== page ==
I’d been invited to a small event being held on the western bank of lake Näsijärvi, the largest lake in the Tampere area of Finland. These friends were an artistic bunch, and so, with a meadow, forest, and summer house at their disposal, had decided to put on the ever-so aptly named Saunafest. I was both excited and nervous, for I was the only Brit there. The good thing about Finland though, is that pretty much everyone speaks perfect English. I had no reason to feel anxious, and yet I did. I was the intruder. These people had grown up with each other, and I couldn’t help shake the feeling that I was trespassing on something wholly Finnish and therefore, sacred to them. Yet I was welcomed with open arms and much conversation. We danced to the bands that performed on a makeshift stage, ruined the grass that surrounded the summer house with the stomping of many feet, listened to the gurgles of a solitary baby that had been brought along by a young couple. I watched earnestly as Finnish poetry was read out (I didn’t understand a word but knew it was beautiful), I did yoga calmly as many mosquitoes divebombed towards me in an effort to drink the blood of a delicacy from a foreign land, I swung in hammocks and picked fresh blueberries up from the forest floor while repeating rude Finnish words much to the enjoyment of my new friends. I was content in this world, surrounded by music, friends, and all the vegan soup I could handle. Yet, I couldn’t shake the feeling that I somehow didn’t quite belong.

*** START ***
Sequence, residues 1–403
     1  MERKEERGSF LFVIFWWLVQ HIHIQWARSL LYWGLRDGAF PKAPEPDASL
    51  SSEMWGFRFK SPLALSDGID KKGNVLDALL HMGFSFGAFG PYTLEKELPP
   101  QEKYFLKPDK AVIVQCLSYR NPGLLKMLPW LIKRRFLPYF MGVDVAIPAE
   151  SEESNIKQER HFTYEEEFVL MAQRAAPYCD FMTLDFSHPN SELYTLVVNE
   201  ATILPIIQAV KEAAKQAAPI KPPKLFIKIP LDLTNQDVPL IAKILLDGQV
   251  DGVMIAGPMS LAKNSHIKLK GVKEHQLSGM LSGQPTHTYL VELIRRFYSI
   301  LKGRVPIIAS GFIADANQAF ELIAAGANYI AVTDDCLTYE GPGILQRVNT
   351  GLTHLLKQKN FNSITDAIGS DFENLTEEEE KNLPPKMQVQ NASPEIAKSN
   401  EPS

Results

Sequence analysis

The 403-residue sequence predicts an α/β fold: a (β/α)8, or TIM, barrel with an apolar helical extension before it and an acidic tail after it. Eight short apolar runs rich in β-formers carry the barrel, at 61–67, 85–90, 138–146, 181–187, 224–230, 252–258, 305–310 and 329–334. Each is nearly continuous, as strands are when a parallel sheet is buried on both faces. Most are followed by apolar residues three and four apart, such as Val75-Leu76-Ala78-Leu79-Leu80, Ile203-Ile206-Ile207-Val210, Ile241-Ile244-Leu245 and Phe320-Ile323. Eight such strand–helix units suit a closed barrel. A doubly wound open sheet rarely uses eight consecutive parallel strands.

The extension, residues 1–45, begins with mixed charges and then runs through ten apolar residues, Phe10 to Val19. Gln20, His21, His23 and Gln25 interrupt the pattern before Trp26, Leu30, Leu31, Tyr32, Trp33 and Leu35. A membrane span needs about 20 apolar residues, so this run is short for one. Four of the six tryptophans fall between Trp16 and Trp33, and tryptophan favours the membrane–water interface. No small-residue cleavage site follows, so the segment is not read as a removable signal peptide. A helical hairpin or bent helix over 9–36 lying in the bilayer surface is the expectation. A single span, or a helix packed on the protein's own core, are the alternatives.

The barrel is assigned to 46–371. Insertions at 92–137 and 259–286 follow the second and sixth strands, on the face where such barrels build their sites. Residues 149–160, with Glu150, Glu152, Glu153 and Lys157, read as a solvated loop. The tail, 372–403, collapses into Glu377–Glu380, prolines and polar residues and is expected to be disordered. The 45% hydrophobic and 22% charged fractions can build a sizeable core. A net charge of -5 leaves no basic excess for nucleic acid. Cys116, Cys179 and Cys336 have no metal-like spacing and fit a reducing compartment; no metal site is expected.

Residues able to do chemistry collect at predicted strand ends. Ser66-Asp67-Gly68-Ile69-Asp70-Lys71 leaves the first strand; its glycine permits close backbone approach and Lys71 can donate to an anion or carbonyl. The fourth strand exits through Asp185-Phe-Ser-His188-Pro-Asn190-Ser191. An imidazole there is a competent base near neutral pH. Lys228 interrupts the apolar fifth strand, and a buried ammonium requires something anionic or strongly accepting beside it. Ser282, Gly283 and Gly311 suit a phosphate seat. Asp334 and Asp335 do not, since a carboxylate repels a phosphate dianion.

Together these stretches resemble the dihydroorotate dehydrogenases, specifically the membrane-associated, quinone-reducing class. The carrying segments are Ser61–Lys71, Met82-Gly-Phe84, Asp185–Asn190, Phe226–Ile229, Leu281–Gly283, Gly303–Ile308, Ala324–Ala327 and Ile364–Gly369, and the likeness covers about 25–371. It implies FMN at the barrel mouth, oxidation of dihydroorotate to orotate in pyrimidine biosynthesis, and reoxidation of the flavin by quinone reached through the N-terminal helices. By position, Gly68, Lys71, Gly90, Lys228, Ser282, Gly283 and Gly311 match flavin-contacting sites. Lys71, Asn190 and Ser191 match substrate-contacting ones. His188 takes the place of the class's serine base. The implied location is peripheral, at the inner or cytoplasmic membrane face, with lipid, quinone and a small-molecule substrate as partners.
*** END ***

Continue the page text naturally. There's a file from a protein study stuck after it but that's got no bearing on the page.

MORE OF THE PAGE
* * *


“Sauna!” I shouted in response. My enthusiasm was not fake, yet neither was my anxiety. It is common, traditional even for you to be nude in a Finnish sauna, something not exactly adopted by my home country. In England you will only find saunas in either leisure centres, gyms, or spas, and only in gender-segregated saunas are you allowed to be nude, but it is still rare. I sometimes believe England is a land of prudes, but I may be jumping the gun there. We can be ignorant of things, we can be closed to new ideas, austere, uptight, downright Victorian. We can also just be ill-at-ease. I bet in any society getting your kit off around a bunch of strangers can be a terrifying thought. Yet here I was, undressing in a small room adjacent to the door that kept the heat of the sauna in. In that moment I decided to shed my Englishness, and stepped into the steam.


* * *


The traditional concept of the sauna is a large part of Finnish identity. They were the first buildings to be erected by travelling groups who settled in a new area, mothers gave birth in them, families bonded in them. They are egalitarian places; once you enter a sauna, regardless of who you are, everyone is equal. The sauna is a place for relaxation, friendliness, and cleansing. It is a proto-holy place.


* * *


The heat knocked me for six. I’d never experienced anything like it. The saunas I’d been to in England (or half-saunas as I now see them) were never this hot, one would assume to prevent any lawsuits (extremes of heat affect us all differently – so in England this means if you have heart issues or you are pregnant the sauna is a no-go place for you). I was one of the uninitiated, in a foreign land, naked, participating in a foreign tradition which holds great reverence in this country. I was held in two moments; a moment fuelled by nerves and trespass, and a moment bathed in the love I experienced around these people.